STARKEY — Villa Bellangelo has a new name, Missick Cellars, named for the family that purchased the winery 10 years ago.
Chris Missick, co-owner and winemaker of the longtime Seneca Lake winery, said the challenges of the COVID-19 pandemic gave him time to consider the history of the winery and its legacy.
“In the wine industry, we build generational businesses,” he said. “We still have some vines left that were planted in 1866. Our industry includes stewards of the land and producers of unique local products. We want this business to be here for our grandchildren, and it really got me thinking about where we were going, particularly with regard to the name and our identity.”
In a letter to his wine club, Missick said the winery “came to realize that what we had built was no longer what we had bought a decade ago. The vision for our business has changed so much. Over this last decade, we earned a spot in Wine & Spirits Magazine’s Top 100 Wines of the World, established a remarkable sparkling wine program, elevated customer service and expanded wine education, introduced the first Chenin Blanc to be made in the Finger Lakes in 40 years and so much more.”
Missick said the winery’s wholesale business took a hit during the pandemic, but that business at the winery’s tasting rooms in Geneva and Starkey was strong.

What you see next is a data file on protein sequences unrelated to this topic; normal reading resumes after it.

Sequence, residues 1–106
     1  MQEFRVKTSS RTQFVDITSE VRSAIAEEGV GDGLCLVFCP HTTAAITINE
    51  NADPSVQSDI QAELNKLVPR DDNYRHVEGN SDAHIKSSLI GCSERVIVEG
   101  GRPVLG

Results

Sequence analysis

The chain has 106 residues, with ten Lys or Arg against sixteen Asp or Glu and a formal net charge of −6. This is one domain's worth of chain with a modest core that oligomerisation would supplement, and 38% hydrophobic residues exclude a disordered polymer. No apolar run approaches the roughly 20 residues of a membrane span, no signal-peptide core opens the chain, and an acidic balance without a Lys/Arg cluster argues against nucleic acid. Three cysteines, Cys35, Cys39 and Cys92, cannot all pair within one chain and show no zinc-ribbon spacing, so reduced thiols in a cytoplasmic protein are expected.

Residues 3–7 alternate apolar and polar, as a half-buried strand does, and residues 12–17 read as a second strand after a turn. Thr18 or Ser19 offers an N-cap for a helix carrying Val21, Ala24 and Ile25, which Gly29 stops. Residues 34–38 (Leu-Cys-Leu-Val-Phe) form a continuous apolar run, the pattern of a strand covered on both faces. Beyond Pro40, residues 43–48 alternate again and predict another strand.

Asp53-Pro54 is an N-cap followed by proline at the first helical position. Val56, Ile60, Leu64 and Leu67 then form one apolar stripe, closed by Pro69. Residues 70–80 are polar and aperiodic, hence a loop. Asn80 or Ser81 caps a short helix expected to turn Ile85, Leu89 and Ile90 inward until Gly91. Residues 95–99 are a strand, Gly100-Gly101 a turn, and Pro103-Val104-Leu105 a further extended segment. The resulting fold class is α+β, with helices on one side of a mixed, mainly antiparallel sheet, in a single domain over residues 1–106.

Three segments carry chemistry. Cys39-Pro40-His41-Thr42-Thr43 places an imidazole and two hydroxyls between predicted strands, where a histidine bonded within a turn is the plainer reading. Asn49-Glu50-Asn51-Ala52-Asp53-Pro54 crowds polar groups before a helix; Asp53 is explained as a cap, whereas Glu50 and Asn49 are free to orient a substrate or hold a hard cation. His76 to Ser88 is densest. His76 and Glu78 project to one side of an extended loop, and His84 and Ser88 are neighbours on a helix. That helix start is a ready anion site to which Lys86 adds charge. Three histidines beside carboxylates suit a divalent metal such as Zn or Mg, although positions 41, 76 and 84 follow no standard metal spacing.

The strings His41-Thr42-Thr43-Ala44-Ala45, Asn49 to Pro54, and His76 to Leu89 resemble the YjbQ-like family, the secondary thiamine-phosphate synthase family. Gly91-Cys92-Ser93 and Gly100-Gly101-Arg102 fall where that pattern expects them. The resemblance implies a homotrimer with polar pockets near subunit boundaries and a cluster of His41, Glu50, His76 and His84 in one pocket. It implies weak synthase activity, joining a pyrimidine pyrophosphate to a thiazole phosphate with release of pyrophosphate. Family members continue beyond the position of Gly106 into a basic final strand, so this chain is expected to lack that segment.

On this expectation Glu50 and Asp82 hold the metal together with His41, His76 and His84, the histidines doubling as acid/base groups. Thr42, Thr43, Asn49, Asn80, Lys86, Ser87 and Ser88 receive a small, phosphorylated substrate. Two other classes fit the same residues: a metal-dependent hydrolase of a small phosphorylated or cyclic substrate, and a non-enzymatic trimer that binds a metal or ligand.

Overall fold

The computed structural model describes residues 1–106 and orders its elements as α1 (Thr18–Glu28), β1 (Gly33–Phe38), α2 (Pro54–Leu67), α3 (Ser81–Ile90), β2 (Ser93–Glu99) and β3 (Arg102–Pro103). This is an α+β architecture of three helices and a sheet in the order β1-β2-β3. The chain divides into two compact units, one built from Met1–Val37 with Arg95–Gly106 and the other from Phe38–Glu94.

“Ultimately, it made us realize that any existential questions of ownership, of place, of legacy, were behind us,” he said. “The wines, the experience, the reputation — these were ours.”
According to Missick, the winery adopted the family name because “at the end of the day, it was less about creating a catchy social media brand than it was about representing the truest expressions of ourselves, of our land, and our life’s work. We are all thirsty for those things that we know are real and are authentic. It has been one of the two guiding principles of my winemaking, and this change fulfills that promise on another level. The brand is our work, it’s what we grow and make.”
Along with what Missick describes as “some dramatic changes” to the winery’s tasting room in Yates County, Missick Cellars is unveiling new labels later this year centered on its new logo, which Missick said reflects a family heritage in stained glass making.